Composition and inheritance: the Julian way

That’s the trickiest thing; actually I’d say that it’s generally impossible, but not for lack of tools, but because by definition there is no closed list of “methods for X” or “methods for Foo”.

methodswith(X) may help you get a list of methods that you would like to extend at some point, and with a bit of metaprogramming you might extend all of them at once so that they work for Foo instead of X.(*) But then, maybe you do using Bar, which defines new methods for X, and your “extension” becomes incomplete.

And the “bad news” is that there is no way at all to anticipate what new methods may come from other packages. (Of course “bad news” only for the purpose of what we are discussing; in general that’s what makes composability easier.)

(*) Even for a limited list of “methods for X”, extending them so that they take Foo instead of X is not always straightforward. For instance, how would you extend *(::X, ::X)? Shall it be *(::Foo, ::Foo), or also other combinations with X and Foo?


Exactly. So Julia itself must have some rudimentary support of concrete single inheritance. Is there any technical difficulty in adding this?

No, there is no structural inheritance. That’s what this whole thread is about. Having structural inheritance makes inlining much harder, forces the compiler to chase endless pointer chains by default and makes the size of an given struct possibly indeterminate (possibly preventing SIMD).

The point is that choosing composition over structural inheritance makes that choice explicit and makes the job of the compiler easier. You can’t subtype concrete types in julia and abstract types don’t have fields. Together with functions and their arguments not being coupled to any particular struct definition, you’re free to define methods extending a given implementation with your type without having to touch the existing code at all.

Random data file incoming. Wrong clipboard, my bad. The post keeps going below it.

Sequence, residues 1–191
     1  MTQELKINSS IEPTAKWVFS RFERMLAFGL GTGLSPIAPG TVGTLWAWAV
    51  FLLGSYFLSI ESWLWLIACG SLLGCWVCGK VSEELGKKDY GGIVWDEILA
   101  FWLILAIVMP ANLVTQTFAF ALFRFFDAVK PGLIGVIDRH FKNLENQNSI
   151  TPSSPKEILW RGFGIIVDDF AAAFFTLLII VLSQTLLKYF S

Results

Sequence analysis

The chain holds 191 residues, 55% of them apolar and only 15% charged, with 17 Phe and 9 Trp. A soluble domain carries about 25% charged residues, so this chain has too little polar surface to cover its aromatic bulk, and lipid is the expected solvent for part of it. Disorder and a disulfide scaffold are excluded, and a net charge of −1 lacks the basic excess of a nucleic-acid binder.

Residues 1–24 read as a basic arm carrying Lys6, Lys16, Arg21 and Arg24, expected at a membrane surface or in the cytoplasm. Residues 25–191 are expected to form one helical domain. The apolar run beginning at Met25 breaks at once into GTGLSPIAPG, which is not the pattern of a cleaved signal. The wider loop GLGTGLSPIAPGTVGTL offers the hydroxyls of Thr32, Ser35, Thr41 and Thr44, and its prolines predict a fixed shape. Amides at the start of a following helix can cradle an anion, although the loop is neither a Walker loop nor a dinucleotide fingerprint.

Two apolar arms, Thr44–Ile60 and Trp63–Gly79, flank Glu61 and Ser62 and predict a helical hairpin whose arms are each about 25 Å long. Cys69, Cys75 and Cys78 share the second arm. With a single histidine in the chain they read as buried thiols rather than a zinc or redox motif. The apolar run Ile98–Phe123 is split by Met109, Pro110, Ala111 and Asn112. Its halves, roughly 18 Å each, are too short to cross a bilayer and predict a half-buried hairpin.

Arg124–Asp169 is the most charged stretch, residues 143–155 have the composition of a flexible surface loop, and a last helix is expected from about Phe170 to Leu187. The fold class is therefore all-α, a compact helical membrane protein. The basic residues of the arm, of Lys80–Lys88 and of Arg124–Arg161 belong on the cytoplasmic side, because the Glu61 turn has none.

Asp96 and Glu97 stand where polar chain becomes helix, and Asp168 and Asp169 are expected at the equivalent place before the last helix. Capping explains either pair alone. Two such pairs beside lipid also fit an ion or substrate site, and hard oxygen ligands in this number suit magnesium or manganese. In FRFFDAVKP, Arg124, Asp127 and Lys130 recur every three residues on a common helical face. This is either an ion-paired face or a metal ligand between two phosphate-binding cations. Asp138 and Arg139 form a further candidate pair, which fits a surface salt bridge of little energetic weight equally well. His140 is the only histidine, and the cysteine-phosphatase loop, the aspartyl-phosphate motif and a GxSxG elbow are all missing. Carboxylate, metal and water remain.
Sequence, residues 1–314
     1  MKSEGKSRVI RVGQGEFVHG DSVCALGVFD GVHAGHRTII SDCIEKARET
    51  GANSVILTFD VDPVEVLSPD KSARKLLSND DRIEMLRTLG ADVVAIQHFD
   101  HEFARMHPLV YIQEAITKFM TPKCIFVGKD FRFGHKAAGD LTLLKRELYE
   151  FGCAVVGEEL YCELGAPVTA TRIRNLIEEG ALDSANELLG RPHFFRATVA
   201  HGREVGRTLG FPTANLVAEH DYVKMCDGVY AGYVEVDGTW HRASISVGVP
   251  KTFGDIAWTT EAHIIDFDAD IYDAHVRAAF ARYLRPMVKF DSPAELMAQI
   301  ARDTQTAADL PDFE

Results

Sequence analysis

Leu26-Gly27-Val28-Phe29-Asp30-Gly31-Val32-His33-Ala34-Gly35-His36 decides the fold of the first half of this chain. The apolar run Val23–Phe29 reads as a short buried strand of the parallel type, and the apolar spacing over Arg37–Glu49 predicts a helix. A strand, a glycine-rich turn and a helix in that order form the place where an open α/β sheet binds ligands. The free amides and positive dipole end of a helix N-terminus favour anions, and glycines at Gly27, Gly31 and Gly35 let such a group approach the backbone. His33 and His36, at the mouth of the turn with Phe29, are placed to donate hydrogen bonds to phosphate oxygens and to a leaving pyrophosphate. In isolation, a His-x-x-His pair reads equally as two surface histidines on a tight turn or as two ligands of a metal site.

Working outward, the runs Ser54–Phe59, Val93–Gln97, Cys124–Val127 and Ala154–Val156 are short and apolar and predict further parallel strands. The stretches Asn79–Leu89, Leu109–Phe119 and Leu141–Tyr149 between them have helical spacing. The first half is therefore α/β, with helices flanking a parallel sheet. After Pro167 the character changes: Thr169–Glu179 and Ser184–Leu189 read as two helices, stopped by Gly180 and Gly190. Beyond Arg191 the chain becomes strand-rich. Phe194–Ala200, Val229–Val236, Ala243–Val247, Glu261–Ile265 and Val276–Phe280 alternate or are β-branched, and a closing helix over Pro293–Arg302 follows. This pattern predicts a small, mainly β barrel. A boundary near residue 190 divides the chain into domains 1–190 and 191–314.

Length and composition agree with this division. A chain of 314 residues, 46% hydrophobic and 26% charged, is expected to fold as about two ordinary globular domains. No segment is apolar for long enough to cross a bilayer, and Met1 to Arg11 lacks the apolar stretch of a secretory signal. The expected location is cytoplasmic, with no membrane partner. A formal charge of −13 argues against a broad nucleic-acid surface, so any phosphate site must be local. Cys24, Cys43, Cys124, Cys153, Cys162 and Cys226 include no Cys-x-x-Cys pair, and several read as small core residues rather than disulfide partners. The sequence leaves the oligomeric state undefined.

The functions (i.e. operations) define your API - not necessarily your struct layout, i.e. how you store what you need.


Couldn’t you use a macro to do something like

@heritable struct MyParentType 

Which writes the code:

abstract type MyParentType end 
struct ConcreteMyParentType

and then write

@inherit struct MyChildType <: MyParentType 

which writes the code:

struct MyChildType <: MyParentType
MyChildType(x1::SomeOtherType, x2::SomeType) = new(MyParentType(x1), x2)
function getproperty(m::MyChildType, s::Symbol) 
    if s .∈ fieldnames(m)
        return getfield(m,s)
        return getfield(m.parent_type,s)

All methods defined on MyParentType are actually defined on an abstract type because the the macro defines the struct with the “concrete” prefix. Methods defined on MyParentType will correctly work on a subtype of MyParentType because the getfield function also looks for the fields in the parent type – unless the child type is given a field with the same name as a parent field.

I’m not sure if it would be possible to conveniently extend this approach to multiple inheritance, because you would have to write a macro extending methods defined on the second parent type to MyChildType, which is not a proper subtype of the other parent.

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People have written things like that. But, no one uses them. (and the author of the package below never intended for it to be used.)

The problem with these approaches is that they necessitate changes upstream.